- When under stress, choose light, well-cooked food and warm liquids; being sure to eat slowly and consciously.
- If you habitually juggle too many tasks, this usually results in depletion of natural energy. This commonly contributes to cravings and overuse of coffee, tea, chocolate, cola, nicotine, and other stimulants. Observe your patterns and try to make room in your day for healthier alternatives like deep breaths, relaxation, and rest. Over time, this can significantly support your immunity while simultaneously reducing your dependency on stimulants.
- Never underestimate the power of daily self-massage. Take some time every day to treat yourself to a heated oil massage. It takes just minutes, but is an effective way to combat physical and mental stress, decrease the effects of aging and improve overall wellness. Our website has specific instructions for the application of warm oil to your skin.
- Meditate. Spending five minutes a day in meditation is better than none at all. So, if you can, spend some time sitting quietly. Ideal times to sit are either when you first wake up or just before bed.
- Enjoy a daily dose of Chyavanprash. This herbal jam is a rich source of anti-oxidants that nourishes, strengthens and provides energy and vitality.
- Practice Surya Namaskara, the sun salutation, or other warming yoga routines. Plough, elevated lotus, yoga mudra, headstand and locust are some postures that you may want to consider adding to your routine.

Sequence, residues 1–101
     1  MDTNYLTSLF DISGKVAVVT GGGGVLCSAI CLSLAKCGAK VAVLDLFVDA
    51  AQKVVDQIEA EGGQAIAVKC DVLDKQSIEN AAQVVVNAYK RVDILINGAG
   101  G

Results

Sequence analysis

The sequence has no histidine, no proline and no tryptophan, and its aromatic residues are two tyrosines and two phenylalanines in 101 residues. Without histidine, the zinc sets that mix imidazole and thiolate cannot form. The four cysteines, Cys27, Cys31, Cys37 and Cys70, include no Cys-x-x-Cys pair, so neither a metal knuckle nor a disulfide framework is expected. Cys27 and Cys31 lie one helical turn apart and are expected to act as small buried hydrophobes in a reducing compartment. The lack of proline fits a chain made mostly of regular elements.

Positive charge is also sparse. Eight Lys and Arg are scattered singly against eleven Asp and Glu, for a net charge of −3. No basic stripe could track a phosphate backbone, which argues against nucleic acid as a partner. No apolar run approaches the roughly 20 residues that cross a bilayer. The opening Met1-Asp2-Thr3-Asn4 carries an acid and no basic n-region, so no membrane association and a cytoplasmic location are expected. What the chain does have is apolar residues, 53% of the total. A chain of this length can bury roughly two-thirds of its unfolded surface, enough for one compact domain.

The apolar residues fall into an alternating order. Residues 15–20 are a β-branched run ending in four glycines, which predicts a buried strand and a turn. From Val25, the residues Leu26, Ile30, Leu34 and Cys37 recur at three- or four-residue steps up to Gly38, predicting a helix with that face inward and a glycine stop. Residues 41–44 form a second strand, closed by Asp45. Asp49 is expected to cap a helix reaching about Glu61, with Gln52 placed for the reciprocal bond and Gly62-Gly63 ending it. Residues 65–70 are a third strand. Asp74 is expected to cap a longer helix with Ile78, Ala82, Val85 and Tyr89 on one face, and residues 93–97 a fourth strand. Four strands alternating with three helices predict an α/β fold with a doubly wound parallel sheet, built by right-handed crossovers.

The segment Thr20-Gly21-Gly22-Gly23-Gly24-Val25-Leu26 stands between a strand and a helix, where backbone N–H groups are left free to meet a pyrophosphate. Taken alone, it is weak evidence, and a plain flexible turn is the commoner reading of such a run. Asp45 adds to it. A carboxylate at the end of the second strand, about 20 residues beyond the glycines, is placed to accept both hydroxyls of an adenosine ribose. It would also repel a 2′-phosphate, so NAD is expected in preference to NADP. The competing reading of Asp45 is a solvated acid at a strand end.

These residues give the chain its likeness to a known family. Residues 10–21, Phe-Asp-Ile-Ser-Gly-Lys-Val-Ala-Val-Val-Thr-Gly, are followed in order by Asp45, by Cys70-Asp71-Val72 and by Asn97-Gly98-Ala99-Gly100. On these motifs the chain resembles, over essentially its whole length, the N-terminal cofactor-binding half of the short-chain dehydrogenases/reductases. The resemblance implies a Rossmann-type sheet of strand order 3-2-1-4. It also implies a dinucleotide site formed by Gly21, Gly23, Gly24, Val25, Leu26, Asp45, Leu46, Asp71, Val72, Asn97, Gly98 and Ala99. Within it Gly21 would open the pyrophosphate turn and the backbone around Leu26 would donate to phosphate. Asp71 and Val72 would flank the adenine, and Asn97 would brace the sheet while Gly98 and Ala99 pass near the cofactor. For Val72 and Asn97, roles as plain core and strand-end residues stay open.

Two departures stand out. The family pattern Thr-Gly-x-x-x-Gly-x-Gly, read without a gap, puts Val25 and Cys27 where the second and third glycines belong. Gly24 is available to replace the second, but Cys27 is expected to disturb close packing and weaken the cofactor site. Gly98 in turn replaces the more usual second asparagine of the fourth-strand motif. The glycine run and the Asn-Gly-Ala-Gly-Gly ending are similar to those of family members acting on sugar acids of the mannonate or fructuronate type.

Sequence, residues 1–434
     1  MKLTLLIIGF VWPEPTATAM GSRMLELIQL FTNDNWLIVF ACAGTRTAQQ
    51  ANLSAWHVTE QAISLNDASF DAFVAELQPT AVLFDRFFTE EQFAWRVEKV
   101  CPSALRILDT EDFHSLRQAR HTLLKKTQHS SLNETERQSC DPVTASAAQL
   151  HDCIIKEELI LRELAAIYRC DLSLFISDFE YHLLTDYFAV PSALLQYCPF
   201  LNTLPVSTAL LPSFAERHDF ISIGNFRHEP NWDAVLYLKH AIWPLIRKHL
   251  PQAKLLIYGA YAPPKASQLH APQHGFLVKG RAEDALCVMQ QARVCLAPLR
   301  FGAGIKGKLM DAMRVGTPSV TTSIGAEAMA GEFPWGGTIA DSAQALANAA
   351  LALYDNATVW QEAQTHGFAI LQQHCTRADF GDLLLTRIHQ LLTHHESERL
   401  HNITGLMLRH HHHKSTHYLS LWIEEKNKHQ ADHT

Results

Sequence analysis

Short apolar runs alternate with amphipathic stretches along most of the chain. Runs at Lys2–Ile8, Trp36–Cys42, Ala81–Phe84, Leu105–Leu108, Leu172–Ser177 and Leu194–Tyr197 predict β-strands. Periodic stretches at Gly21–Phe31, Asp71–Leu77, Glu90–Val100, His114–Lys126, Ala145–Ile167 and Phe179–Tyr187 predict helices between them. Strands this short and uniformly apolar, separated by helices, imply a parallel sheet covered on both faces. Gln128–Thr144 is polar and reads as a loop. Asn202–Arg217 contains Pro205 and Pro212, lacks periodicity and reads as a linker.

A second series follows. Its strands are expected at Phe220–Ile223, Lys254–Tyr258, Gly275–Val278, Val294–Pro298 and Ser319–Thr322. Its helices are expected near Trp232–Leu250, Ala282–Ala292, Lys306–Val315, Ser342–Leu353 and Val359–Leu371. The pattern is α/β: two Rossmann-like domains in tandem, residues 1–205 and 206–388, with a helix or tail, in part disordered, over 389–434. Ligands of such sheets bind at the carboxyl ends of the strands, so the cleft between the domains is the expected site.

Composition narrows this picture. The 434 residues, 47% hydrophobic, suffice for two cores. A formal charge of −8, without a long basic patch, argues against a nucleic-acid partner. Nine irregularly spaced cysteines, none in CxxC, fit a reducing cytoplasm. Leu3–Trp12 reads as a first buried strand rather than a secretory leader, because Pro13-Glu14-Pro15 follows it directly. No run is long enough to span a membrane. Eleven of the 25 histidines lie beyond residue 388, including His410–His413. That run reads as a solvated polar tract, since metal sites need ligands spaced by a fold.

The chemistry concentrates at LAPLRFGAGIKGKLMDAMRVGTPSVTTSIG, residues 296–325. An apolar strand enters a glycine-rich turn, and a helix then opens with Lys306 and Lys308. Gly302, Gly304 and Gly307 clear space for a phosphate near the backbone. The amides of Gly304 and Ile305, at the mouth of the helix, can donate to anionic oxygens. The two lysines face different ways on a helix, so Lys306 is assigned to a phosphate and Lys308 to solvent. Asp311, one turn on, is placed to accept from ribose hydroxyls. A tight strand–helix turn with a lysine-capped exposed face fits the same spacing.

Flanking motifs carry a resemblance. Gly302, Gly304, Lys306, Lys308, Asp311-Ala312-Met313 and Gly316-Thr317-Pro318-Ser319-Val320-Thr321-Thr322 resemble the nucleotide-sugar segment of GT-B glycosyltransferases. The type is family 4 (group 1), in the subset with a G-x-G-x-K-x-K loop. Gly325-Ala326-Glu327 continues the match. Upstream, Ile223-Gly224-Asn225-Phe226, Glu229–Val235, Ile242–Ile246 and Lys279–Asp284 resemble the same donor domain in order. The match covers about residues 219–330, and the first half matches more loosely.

- Do not skimp on sleep. Getting adequate sleep can make you better equipped to deal with the demands of stressful times and keep your immunity strong. If you are having trouble sleeping, you may want to consider Tranquil Mind, which promotes sound, restful sleep without creating dullness or lethargy. A warm cup of spiced milk (you can try cinnamon, nutmeg, cardamom) may also do the trick.
These are just a few of the many things that you can do to give your immunity a natural boost. If you are familiar with the Ayurvedic tenet of "like increases like," using it to guide you through the season is an ideal way to achieve perfect health.
Here's an example of putting this tenet into practice: because both vata and the fall season share the qualities of coldness, lightness, mobility, and roughness, vata is the dosha most likely to become imbalanced during the fall and vata conditions such as dry, cracking joints; constipation; fear and anxiety; lack of direction; and muscle and joint pain are more common. To foster greater balance, indulge in activities, foods, and herbs that provide opposite qualities. If possible, avoid dry climates and foods, prolonged fasting, insufficient food intake, flying, rough foods such as dry toast or most beans, too much movement, high altitude, raw vegetables, leftovers, dry uncooked foods, and exposure to wind.
These simple measures will help to keep you in balance throughout the season. For more specifics, you can visit our Balancing Vata page. November is an ideal time to strive to attain balance because the approaching seasonal transition into winter is typically a more challenging time for maintaining health. If you achieve balance now, chances are you will be strong enough to resist illness throughout the winter as well.
I hope this finds you happily and healthfully enjoying the richness and abundance of the harvest season while looking forward to playing in the snows of winter.